Upper South

August, 2012
Regional Report

Favorite or New Plant

Prairie Rosinweed
With repeated hot and dry summers, our desire to add more drought-tolerant plants to the gardens increases. Prairie plants, which so often have deep tap roots, will be among those that come to the fore. One of the most dramatic of our native plants is prairie rosinweed or prairie dock, Silphium terebinthinaceum, with the one common name referring to the aromatic stem resins. The plants form a clump of huge oval to heart-shaped, dark green leaves to 2 feet long. In midsummer, thin flower stalks rise to 8 feet, topped by 3-inch wide yellow, daisy-like flowers, with the seed heads attracting birds, especially goldfinches. There are no serious insect or disease problems with prairie rosinweed, but you must be patient as the plants are slow to establish, sometimes taking two or three years to begin flowering.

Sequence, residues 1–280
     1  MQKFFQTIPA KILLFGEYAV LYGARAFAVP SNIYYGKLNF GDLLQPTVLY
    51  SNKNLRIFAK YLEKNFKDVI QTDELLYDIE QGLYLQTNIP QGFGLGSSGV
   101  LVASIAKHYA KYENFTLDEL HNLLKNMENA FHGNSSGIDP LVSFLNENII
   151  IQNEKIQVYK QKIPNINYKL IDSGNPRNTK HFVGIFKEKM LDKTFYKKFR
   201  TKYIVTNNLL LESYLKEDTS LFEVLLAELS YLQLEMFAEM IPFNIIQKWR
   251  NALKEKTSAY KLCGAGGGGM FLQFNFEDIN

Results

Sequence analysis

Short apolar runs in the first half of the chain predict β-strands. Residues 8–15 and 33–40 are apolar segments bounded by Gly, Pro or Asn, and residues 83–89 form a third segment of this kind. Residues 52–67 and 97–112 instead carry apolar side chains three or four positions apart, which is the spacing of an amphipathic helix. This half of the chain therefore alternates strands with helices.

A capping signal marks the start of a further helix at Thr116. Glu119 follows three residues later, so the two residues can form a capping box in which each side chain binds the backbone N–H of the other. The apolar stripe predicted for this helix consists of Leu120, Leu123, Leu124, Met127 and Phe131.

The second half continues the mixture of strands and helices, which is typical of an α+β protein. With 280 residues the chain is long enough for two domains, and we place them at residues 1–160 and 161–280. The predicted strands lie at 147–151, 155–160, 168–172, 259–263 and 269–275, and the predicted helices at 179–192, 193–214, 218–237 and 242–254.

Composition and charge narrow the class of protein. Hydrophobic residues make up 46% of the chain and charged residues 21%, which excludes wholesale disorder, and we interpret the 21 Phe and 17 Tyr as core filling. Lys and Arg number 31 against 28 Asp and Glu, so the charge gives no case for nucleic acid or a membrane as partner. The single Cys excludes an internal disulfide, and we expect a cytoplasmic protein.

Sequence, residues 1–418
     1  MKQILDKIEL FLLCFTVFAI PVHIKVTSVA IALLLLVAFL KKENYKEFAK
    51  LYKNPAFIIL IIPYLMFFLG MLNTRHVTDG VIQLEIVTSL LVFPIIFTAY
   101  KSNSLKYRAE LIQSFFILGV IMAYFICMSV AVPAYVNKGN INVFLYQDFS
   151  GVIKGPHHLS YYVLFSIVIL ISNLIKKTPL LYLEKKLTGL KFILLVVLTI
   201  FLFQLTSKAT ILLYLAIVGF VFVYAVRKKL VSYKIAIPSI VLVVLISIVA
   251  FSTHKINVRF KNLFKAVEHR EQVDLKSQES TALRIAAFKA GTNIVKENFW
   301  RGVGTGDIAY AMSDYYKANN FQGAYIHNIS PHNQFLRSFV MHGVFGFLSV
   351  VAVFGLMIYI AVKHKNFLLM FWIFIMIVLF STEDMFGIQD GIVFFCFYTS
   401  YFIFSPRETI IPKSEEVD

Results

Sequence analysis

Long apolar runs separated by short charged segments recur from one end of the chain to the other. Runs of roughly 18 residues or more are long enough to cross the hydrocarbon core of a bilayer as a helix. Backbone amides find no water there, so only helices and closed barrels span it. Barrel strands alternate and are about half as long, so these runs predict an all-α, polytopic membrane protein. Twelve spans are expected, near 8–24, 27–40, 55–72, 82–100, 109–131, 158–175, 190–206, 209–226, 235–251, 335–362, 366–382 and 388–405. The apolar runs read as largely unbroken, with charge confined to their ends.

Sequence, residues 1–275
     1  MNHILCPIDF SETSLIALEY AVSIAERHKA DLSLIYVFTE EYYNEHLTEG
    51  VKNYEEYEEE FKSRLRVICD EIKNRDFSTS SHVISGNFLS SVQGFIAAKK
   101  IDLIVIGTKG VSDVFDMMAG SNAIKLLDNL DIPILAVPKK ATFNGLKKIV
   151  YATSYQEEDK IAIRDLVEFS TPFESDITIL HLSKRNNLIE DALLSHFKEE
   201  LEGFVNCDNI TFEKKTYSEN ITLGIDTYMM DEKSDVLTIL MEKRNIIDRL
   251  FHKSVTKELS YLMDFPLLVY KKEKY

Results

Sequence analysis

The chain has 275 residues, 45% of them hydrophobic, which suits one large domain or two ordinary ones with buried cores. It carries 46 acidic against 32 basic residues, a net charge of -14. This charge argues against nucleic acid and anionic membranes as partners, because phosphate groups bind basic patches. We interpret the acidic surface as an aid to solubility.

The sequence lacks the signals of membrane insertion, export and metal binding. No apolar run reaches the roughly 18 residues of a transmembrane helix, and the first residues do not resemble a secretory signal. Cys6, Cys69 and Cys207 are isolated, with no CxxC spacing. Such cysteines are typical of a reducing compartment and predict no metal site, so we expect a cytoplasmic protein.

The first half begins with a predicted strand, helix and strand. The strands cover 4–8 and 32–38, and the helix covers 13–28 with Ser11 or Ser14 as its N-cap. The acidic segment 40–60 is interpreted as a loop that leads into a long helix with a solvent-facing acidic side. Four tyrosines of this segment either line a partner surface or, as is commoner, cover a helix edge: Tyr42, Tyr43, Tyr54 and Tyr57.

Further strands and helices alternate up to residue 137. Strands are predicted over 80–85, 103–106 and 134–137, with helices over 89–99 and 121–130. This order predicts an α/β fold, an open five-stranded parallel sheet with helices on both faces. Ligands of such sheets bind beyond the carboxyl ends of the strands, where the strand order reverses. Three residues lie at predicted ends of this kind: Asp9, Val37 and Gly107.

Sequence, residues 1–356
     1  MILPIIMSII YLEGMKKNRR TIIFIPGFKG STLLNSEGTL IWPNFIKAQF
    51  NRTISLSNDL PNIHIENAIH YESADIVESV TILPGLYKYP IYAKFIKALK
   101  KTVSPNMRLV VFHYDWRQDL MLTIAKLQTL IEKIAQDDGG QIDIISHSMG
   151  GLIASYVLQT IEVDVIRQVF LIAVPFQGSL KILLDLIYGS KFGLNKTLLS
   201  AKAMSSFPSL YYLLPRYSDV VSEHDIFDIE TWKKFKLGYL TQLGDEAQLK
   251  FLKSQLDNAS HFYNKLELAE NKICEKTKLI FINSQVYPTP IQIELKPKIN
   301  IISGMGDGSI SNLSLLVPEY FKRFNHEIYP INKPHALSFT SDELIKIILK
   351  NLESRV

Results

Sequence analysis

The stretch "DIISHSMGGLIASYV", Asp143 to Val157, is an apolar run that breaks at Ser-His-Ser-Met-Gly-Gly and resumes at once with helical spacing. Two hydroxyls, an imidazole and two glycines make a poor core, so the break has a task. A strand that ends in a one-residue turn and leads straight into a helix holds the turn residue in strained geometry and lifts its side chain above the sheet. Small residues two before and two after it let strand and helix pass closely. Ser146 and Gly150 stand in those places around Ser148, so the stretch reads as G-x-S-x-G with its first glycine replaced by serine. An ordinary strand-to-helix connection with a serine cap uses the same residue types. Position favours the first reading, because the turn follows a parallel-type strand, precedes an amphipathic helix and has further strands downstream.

Clever Gardening Technique

Safe Controls for Japanese Beetle Grubs
Among the most damaging of garden insect pests is the Japanese beetle. Controlling these voracious pests requires a two-pronged attack, one for the beetles and another for the young grubs, the first stage of their life cycle. These beetle grubs are actively feeding mainly on grass roots from midsummer into fall, making this the ideal time to control them. There are three biological controls available that are safe for the environment. These include milky spore, a bacterium called Bacillus papillae; another naturally occurring bacteria, Bacillus thuringiensis japonensis (Btj); and a beneficial nematode, Heterorhabditis bacteriophora. Of these, only the nematodes and milky spore are readily available commercially.

Several years ago, I chose the nematode approach, treating as much of the lawn as I could afford. One criteria for correctly applying the nematodes is to follow up application with repeated watering, so water costs and hose reach was another consideration for the areas to be treated. Because I live in the middle of pasture fields, which provide more habitat for the grubs, I was not optimistic. Although the water bill was staggering, the results have been well worth the cost and effort. I still have some beetle damage, but the population has been significantly reduced.

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